Nigeria’s Eurobonds on Monday shook off the potentially negative impact of the country’s downgrade by Moody’s last week. They rose on the back of gains by bonds issued by Angola, which was raised to positive watch by the rating agency.
Moody’s late on Friday downgraded both countries to B3 from B2. But, while it put Angola on a positive outlook, it placed Africa’s biggest economy under a negative watch. Analysts say these are two bad things that happened to Nigeria at the same time.
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Angola’s prices rebounded on Monday, the first trading day after the rating review by Moody’s, and after a global sell-off on Friday. The gainers were led by the 2032 Eurobond that gained $1.625, while the bonds due in 2048 and 2049 gained $1.125 each.
Nigeria’s Eurobonds rebounded on Monday, with the biggest gains by the bonds maturing in 2029, 2033, and 2038, which rose in early trading as much as $1.375, $1.125 and $1.125, respectively. But they closed at $1.375, $0.625, and $0.5, respectively.
On Friday, October 21, 2022, all of Nigeria’s Eurobonds fell, with the $750 bond due in 2049 leading the pack, with a decline of $5.5. It was followed by its 2038 bond that shed $5.375.
Market analysts believe that Nigeria rose on the back of the positive development on Angola, even though Nigeria has been moved to a negative watch.
After the heavy losses by Nigerian Eurobonds on Friday, some analysts had expected the crash to continue on Monday. But did not happen. These contrasting developments on the Eurobond market on Friday and Monday can be explained in terms of what market analysts call ‘risk-on days and risk-off days. On Risk-on days, investors or market players show determination to take on risks and invest in assets across the various market segments, both debt and equity. Conversely on Risk-off days, not ready to put new money to work. On risk-off days, it does not matter what good news you have on Eurobond, they would drop. What is means is that on such days, people are not willing to take on more risks. Instead, they are determined to sell. That was what happened last Friday, which led to the sell-off in the Eurobond market.
Conversely, Monday was seen by analysts as a Risk-on day, and this was reflected in the gains across the Eurobond market. Therefore, while Nigeria has rating is bad, it has not affected the country’s performance on the Eurobond market because you have a risk-on day.
Moody’s B3 rating is assigned to an asset that is considered to be speculative and of high credit risk. On the rating scale for Standard and Poor’s and Fitch, the move from B2 to B3 is equivalent to a downgrade from B to B-.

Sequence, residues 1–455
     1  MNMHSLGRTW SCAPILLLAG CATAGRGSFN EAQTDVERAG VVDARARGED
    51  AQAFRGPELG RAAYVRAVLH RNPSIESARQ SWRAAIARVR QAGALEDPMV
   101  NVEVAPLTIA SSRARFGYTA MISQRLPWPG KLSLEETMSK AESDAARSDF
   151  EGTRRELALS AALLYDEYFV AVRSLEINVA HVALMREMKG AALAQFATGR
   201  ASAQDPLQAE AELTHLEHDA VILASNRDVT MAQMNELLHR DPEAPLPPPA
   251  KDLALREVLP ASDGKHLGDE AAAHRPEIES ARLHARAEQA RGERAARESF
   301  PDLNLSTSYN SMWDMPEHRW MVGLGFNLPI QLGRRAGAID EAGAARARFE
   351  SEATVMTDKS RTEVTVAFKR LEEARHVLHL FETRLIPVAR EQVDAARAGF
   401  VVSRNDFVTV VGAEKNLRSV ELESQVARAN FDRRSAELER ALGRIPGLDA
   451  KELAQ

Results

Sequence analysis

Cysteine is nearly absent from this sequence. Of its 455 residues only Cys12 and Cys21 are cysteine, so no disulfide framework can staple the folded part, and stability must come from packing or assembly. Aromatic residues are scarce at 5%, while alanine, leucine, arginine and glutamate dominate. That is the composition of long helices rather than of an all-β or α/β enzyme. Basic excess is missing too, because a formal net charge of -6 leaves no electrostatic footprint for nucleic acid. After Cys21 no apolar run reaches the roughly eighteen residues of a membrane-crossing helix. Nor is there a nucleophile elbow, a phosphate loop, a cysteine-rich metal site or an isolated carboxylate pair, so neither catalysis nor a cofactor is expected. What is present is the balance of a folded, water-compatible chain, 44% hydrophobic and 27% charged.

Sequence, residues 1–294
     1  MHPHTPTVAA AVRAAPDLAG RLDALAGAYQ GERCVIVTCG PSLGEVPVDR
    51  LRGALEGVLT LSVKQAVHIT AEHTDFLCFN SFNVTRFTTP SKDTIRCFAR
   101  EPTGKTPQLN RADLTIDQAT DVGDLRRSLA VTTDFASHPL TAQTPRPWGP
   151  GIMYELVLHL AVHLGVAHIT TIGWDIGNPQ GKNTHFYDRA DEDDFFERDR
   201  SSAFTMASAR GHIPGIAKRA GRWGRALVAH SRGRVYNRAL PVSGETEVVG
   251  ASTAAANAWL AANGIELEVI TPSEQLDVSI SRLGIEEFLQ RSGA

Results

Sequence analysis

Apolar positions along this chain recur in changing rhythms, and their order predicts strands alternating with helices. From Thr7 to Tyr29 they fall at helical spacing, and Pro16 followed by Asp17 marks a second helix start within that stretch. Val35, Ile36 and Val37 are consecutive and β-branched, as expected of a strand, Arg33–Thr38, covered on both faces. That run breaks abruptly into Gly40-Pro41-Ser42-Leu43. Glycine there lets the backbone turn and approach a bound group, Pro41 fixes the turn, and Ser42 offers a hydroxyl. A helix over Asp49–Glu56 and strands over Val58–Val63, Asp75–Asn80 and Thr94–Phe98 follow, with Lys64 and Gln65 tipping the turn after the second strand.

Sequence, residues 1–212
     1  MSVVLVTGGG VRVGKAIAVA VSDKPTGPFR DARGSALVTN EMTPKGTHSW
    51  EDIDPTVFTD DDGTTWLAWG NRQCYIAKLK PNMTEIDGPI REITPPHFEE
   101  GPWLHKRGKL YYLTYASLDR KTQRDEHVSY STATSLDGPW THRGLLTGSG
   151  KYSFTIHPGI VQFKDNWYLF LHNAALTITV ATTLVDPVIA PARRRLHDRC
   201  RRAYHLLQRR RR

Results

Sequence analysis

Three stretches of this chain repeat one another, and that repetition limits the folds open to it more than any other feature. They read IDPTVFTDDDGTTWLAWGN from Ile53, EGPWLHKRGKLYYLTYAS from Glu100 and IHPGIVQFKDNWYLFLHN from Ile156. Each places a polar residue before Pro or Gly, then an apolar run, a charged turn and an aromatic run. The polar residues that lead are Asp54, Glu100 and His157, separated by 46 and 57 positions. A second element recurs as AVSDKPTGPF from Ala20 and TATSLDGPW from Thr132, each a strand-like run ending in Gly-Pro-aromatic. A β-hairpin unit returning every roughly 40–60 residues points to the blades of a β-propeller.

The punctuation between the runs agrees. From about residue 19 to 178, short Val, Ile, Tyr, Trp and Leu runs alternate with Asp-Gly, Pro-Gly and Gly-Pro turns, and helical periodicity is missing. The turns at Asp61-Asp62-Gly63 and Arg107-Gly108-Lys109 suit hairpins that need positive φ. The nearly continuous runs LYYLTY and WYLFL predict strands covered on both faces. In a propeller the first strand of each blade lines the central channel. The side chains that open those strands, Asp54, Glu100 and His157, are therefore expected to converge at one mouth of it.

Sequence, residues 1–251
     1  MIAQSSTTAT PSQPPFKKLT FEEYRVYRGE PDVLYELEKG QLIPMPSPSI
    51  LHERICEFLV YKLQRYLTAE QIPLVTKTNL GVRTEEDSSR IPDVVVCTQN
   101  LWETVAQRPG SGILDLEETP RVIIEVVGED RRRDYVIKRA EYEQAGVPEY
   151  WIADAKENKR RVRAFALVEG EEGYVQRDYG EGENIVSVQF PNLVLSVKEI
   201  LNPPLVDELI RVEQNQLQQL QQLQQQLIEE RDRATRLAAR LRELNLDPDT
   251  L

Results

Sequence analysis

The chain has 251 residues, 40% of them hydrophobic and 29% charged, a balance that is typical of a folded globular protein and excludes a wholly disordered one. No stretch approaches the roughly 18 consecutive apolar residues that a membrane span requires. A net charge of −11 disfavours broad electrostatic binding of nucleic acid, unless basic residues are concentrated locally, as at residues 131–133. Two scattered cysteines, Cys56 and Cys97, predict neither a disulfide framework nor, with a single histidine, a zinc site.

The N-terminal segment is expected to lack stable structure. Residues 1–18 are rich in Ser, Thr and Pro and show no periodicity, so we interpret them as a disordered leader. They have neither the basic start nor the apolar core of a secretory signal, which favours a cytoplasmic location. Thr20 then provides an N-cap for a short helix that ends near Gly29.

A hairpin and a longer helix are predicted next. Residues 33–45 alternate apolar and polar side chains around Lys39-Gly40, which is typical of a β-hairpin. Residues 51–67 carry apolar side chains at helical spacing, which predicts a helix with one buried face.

In America, a company with a B- rating is considered junk, and not many people would want to touch them. Typically, the kind of risk such a company is carrying is far worse than the risks Nigeria is assuming. They have to refinance their bonds and if they cannot refinance, they could find themselves in big trouble.
It will be interesting for Nigeria to find out what Angola has done to earn a better rating than Nigeria. Until recently, Nigeria’s bonds had lower yields than Angola’s.
Right now Angola is yielding less than Nigeria when the reverse used to be the case until recently. Nigeria’s Nov 2025 Eurobond now yields 14% but Angola Nov 2025 yields 12.16%
It may not be difficult to know the factors responsible for this. Analysts point out the fact that Angola buyback part of its Nov 2025 bond which had 1.5b. The Southern African country last year bought back $636m, with only $864m left. The market considers such a move a statement of strength.
The summary is that Angola has cleaned up its house, and Nigeria learn from this and do the same.
According to figures from the Debt Management Office, Nigeria’s monthly interest expenses on the Eurobonds are $100m, while the country’s next Eurobond maturity is $500m in July 2023 and there is no maturity in 2024. This places Nigeria in a good position to be able to handle the cash flow challenges that will come from this, analysts say.
Moody’s message is clear: “Nigeria, you have three months to get your house in order”. As things stand, Moody’s could downgrade the country in three to six months, if things do not change.
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